The pharmaceutical company Spark Therapeutics recently announced FDA approval1,2 of a gene therapy known as Luxturna, which has been shown to improve vision in patients with an extremely rare inherited eye disease caused by mutations in the gene RPE65. Scientists estimate this disease to occur in less than one in 500,000 people – or about 560 people total in the United States3,4.
The company has priced the drug at $425,000 per eye ($850,000 per patient), which does not include the cost of the surgery5.
Many families who have members affected with an inherited eye disease have been encouraged by this development and are wondering whether and how it might affect them.
Here are some important facts:
Each specific gene therapy only works for a single disease. As a result, less than 1% of all patients with an inherited retinal disease (approximately three per thousand3) have a disease that might benefit from Luxturna treatment.
Retinal surgeons at the University of Iowa are experienced in Luxturna therapy. If you or your child have molecularly confirmed RPE65-associated retinal disease and you would like to talk to a physician about the possibility of receiving Luxturna treatment at the University of Iowa, you should email Dr. Stephen Russell at: firstname.lastname@example.org. Please attach an electronic copy of your genetic test result to this email. Dr. Russell or a member of his staff will contact you to discuss the next steps.
If you have had genetic testing at the University of Iowa in the past but now cannot remember whether the RPE65 gene causes your disease, you can email the Carver Nonprofit Genetic Testing Laboratory (email@example.com) and ask whether you are known to have RPE65-based disease. While waiting for the reply, you should know that there is a greater than 99% chance that you do NOT have RPE65-associated disease. Please also note that the lab cannot discuss anything about a genetic test or research study (even its existence) with anyone other than the affected patients themselves (or the parents or guardians if the patients are minors).
If you have never had genetic testing but are now interested in knowing what gene is causing your disease, you should ask your current doctor to either help you arrange a genetic test or refer you to a doctor with specific interest in inherited retinal diseases who can arrange the test for you. Physicians who wish to order genetic tests through the Carver Nonprofit Genetic Testing Laboratory at the University of Iowa can do so by visiting our website at: https://www.carverlab.org.
If you do not currently have an eye doctor and would like to be seen in the Department of Ophthalmology at the University of Iowa, you can schedule an appointment by calling: 319-356-2852.
Few, if any, of the dozens of retinal gene therapies currently in clinical trial are expected to restore vision to affected patients. Most gene therapies are designed to slow or prevent further loss and are thus most useful for patients who still have quite a bit of vision remaining. The fact that Luxturna can restore some vision in affected patients is the result of RPE65’s unique role in the overall mechanism of human vision.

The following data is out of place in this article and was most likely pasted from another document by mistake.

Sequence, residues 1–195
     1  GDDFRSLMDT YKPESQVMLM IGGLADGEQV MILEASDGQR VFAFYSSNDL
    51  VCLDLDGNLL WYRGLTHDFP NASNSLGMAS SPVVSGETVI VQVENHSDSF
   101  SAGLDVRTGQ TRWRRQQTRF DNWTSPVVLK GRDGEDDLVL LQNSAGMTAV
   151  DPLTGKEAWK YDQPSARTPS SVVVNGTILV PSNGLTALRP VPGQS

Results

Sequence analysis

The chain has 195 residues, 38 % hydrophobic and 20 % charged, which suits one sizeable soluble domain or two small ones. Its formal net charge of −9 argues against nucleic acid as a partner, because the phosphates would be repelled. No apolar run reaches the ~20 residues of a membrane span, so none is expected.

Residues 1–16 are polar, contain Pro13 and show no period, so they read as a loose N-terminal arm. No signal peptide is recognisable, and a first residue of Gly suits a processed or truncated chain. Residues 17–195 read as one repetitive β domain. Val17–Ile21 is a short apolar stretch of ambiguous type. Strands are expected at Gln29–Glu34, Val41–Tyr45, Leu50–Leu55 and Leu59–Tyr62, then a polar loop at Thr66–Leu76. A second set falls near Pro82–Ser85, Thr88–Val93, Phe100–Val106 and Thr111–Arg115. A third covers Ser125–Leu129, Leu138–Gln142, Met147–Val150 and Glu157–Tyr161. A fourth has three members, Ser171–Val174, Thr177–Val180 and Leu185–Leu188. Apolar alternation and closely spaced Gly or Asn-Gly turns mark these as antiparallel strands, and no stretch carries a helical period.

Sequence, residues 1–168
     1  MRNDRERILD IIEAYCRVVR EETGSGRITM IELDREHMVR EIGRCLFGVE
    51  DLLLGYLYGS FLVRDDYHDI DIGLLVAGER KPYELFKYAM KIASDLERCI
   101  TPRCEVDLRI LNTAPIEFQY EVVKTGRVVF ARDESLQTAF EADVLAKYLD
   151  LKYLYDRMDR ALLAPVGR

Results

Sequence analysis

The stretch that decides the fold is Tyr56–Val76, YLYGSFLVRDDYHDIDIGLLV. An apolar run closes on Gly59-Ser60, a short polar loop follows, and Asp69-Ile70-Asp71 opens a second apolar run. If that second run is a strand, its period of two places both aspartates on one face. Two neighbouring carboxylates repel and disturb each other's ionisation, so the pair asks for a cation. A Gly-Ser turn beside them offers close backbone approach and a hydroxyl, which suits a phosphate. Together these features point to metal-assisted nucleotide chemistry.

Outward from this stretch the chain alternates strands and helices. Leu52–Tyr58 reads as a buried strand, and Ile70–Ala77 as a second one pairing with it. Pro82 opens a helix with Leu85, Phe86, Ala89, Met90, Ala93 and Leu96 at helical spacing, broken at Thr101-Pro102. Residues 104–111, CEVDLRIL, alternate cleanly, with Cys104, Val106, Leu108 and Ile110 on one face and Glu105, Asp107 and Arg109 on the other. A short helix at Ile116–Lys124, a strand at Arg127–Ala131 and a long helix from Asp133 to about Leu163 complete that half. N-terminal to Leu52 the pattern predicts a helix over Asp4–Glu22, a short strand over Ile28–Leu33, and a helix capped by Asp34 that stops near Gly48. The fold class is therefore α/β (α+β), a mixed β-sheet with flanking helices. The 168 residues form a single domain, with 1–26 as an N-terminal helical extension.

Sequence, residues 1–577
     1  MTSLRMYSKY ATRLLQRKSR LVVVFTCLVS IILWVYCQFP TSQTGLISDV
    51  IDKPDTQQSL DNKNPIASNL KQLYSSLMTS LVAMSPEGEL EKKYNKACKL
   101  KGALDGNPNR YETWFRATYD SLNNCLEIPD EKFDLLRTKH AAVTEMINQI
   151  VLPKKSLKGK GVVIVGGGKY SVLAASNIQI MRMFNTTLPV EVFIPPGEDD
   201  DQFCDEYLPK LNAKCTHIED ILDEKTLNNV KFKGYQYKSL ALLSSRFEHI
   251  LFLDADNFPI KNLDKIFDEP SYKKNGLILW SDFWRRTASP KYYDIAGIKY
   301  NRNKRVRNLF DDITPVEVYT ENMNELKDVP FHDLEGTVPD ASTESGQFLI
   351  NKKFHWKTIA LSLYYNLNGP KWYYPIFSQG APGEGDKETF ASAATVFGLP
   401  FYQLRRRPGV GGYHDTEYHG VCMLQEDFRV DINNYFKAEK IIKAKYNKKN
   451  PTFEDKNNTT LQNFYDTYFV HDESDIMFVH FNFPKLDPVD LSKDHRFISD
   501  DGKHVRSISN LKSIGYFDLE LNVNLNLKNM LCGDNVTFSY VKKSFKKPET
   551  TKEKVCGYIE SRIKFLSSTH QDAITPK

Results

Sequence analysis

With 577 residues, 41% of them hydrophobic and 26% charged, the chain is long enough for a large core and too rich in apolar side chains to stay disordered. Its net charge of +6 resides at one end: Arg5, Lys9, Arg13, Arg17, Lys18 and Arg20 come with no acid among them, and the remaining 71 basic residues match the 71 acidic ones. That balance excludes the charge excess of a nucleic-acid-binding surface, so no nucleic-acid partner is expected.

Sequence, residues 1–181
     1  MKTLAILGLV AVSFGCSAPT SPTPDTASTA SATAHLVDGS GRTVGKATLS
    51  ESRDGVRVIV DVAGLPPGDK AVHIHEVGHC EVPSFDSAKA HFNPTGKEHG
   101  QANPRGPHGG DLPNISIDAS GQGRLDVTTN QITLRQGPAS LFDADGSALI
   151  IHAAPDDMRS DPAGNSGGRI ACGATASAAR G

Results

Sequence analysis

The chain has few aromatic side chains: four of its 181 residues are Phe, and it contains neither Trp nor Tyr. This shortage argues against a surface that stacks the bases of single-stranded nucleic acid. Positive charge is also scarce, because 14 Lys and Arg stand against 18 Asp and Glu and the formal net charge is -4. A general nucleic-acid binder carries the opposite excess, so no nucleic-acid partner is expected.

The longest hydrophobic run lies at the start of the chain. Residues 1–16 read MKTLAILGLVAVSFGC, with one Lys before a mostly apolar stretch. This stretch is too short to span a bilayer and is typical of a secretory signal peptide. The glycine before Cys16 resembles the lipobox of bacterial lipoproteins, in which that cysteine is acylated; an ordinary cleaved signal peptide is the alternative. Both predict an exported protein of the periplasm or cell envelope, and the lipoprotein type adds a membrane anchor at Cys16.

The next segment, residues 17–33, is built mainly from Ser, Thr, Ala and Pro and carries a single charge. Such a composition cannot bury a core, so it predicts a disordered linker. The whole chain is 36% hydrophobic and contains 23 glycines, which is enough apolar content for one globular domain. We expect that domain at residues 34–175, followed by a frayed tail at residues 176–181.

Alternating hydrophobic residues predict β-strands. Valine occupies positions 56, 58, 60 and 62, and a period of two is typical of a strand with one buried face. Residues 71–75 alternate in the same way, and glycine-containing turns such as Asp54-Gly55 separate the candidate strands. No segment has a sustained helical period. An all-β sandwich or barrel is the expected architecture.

The 99.7% of inherited retinal disease patients who have other molecular forms of inherited retinal disease will each need a specific treatment designed to replace their specific disease-causing genes (if they are young enough to still have the majority of their retinal cells intact) or stem-cell-based photoreceptor cell replacement (if their disease is already very advanced).
Scientists at the University of Iowa Wynn Institute for Vision Research (WIVR) believe that the cost of these treatments can eventually be reduced to less than $25,000 per patient (for gene therapy) and $50,000 per patient (for stem-cell-based photoreceptor cell replacement) if the therapies are manufactured in a nonprofit academic setting.
Individuals who would like to make a tax-deductible contribution to the University of Iowa’s Wynn Institute for Vision Research for the purpose of accelerating the development of treatments for inherited eye disease may do so by contacting Mitch Beckman at: Mitch.Beckman@foriowa.org or by following this link:
Families interested in how rare eye disease genes are discovered may be interested in watching a short movie on this subject produced by the Howard Hughes Medical Institute: http://www.hhmi.org/biointeractive/search-mutated-gene.
3) Stone EM. Leber congenital amaurosis: a model for efficient genetic testing of heterogeneous disorders: LXIV Edward Jackson Memorial Lecture. American Journal of Ophthalmology. 2007;144(6):791-811.
4) Stone EM, Andorf JL, Whitmore SS, DeLuca AP, Giacalone JC, Streb LM, Braun TA, Mullins RF, Scheetz TE, Sheffield VC, Tucker BA. Clinically Focused Molecular Investigation of 1000 Consecutive Families with Inherited Retinal Disease. Ophthalmology. 2017